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Special Issue "Resources Management: Life Cycle Assessment"

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A special issue of Sustainability (ISSN 2071-1050).

Deadline for manuscript submissions: closed (28 February 2010)

Special Issue Editor

Editorial Advisor
Prof. Dr. Jo Dewulf (Website)

Research Group ENVOC, Faculty of Bioscience Engineering, Ghent University, Coupure Links 653, B-9000 Ghent, Belgium
Fax: +32 (0)9 264 62 43
Interests: environmental and clean technology, thermodynamics and sustainable engineering, exergy, resource consumption in technology development

Special Issue Information

Dear Colleagues,

With the triple bottom line of sustainability (People - Profit - Planet), environmental sustainability has been largely focused since the 1980 through the study of effects of manmade emissions onto natural systems. Classical Life Cycle Assessment has been of huge importance here by taking into account several environmental impacts due to emissions: global warming, ozone layer depletion, eutrophication, acidification, aquatic toxicity, ... Now in the 2000s, we are in an era where the second pressure of our industrial society onto the natural environment gets more and more tangible: the depletion of natural resources. Indeed, with an ever lasting worldwide population growth resulting in an ever lasting growing resource demand, and the awareness of the finity of a number of natural resources, today natural resources are key in fulfilling the needs of the population now and in the future. Definitely, proper resource management is a central issue and it is a challenge to learn from Life Cycle Assessment. The special issue envisages new scientific findings that clarify and substantiate the discussion on how techniques such as life cycle assessment can contribute to better resource management.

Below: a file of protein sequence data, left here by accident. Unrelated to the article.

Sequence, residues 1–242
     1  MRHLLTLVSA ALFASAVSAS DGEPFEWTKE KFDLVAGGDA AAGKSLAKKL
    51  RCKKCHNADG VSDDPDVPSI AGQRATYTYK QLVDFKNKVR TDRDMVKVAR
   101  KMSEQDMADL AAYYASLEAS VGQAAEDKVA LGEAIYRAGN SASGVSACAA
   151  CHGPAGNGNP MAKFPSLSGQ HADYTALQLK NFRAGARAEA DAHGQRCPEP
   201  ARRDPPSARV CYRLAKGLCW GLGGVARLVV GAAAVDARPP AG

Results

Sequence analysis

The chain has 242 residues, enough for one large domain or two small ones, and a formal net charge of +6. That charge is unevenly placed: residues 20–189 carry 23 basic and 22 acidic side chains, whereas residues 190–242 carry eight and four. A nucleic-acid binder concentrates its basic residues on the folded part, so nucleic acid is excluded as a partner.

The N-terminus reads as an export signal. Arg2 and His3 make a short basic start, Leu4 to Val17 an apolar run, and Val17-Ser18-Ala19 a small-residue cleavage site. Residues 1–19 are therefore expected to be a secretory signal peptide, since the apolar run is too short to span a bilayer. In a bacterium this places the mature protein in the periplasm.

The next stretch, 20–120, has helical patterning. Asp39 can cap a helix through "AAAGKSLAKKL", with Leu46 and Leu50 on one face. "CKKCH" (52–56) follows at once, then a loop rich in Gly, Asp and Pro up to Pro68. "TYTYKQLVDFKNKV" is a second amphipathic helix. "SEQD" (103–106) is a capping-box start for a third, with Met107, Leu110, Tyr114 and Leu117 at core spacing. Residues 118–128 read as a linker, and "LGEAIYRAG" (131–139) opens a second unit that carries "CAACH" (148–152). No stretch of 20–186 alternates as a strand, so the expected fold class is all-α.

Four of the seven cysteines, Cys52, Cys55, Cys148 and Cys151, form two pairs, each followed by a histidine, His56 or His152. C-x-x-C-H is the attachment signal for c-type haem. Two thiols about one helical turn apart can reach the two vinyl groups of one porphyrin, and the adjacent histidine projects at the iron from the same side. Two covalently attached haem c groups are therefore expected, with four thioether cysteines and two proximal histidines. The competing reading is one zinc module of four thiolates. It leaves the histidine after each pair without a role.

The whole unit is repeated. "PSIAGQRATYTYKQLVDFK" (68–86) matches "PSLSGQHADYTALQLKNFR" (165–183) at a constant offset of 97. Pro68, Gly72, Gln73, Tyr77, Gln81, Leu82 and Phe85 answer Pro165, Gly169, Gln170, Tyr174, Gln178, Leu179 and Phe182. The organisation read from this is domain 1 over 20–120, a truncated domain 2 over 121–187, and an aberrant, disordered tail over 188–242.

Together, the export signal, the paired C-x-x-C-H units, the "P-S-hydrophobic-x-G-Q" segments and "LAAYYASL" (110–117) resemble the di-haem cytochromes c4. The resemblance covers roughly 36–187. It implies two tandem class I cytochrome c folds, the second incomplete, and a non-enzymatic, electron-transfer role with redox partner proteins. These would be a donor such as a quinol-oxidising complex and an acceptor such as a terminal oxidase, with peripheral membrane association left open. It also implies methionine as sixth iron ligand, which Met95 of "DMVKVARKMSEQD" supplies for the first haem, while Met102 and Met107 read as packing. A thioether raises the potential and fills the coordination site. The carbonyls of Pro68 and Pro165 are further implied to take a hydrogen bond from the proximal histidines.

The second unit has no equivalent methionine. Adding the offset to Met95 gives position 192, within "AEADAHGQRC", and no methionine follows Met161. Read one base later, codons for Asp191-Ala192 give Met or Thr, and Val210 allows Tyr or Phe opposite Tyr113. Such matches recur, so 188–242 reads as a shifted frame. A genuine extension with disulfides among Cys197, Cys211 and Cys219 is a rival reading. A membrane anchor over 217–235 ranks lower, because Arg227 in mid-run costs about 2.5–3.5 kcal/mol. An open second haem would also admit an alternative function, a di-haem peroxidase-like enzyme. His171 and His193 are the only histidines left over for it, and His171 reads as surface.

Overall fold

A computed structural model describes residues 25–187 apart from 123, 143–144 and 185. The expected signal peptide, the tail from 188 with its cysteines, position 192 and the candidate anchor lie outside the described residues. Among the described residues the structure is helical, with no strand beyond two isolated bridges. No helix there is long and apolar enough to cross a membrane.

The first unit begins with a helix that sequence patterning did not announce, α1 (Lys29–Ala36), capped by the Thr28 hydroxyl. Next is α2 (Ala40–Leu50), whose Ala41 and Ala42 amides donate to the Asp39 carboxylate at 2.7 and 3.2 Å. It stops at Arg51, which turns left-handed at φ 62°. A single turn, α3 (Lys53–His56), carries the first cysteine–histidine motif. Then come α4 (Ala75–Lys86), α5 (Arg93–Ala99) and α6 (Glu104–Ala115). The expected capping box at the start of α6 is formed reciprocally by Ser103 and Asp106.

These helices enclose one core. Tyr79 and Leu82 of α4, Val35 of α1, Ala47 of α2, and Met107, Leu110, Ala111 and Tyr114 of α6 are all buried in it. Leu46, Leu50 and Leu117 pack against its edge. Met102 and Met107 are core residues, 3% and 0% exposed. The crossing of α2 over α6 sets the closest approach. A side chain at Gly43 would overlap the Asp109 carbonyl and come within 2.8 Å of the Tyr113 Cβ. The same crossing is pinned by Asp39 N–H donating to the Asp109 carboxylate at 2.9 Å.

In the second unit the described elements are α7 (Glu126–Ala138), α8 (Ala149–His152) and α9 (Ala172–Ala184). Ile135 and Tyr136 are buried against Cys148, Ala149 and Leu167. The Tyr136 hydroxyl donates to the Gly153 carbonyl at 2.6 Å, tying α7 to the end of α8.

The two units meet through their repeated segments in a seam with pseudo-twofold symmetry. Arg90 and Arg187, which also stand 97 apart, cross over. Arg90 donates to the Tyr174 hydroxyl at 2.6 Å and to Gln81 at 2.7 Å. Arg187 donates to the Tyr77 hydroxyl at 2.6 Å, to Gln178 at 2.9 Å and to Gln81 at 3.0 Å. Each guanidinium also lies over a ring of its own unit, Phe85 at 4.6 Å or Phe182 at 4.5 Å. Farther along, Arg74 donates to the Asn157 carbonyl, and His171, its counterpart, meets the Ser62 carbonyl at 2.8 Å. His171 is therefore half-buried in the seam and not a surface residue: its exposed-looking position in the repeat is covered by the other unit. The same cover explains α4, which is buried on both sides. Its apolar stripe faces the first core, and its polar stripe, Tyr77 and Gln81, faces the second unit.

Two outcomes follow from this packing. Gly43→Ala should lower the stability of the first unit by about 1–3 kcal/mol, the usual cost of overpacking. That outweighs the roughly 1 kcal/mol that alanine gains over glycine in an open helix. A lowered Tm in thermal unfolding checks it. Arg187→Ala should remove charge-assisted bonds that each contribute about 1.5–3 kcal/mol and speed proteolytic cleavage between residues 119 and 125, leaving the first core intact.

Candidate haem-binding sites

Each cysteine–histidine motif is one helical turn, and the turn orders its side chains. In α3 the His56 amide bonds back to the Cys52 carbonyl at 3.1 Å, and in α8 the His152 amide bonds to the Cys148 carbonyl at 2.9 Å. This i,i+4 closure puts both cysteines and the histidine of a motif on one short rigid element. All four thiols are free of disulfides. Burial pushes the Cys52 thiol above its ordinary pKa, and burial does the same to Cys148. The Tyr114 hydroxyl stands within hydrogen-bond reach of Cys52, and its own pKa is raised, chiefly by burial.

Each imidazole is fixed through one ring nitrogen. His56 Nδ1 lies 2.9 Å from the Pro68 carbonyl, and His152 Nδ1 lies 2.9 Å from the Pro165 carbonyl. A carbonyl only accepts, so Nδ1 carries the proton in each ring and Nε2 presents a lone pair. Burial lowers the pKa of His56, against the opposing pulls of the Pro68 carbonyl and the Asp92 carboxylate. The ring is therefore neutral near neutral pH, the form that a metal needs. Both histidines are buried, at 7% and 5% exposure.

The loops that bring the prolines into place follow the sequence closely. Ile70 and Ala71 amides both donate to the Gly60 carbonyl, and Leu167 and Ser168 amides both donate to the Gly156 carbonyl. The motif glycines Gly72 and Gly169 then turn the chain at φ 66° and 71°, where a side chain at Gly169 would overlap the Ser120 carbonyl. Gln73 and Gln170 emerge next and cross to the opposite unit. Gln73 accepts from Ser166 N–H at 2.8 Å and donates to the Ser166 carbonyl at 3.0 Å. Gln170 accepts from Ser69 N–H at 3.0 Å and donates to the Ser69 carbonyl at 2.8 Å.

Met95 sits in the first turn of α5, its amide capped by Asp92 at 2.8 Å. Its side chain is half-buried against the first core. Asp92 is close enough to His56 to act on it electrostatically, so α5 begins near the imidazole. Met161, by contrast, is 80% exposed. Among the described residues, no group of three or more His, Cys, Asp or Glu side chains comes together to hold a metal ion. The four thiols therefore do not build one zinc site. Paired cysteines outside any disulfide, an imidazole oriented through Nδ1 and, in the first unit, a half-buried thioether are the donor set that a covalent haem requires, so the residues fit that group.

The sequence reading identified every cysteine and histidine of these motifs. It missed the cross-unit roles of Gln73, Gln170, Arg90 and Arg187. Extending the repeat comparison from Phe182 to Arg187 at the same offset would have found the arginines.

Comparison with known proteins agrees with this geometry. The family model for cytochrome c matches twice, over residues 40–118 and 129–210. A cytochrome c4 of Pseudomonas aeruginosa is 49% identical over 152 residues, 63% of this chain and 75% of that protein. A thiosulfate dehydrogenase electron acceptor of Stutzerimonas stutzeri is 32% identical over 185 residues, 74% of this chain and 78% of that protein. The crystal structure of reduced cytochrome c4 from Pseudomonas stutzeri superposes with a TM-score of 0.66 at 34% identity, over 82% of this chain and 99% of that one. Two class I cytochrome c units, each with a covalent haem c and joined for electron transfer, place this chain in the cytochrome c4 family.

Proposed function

Prof. Dr. Jo Dewulf
Editorial Advisor

Keywords

  • resources
  • renewable
  • life cycle assessment
  • resource efficiency
  • resource management

Published Papers (4 papers)

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Research

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Open AccessArticle Natural Resources Management: Life Cycle Assessment and Forest Certification and Sustainability Issues
Sustainability 2010, 2(2), 604-623; doi:10.3390/su2020604
Received: 22 December 2009 / Accepted: 9 February 2010 / Published: 21 February 2010
Cited by 8 | PDF Full-text (389 KB) | HTML Full-text | XML Full-text
Abstract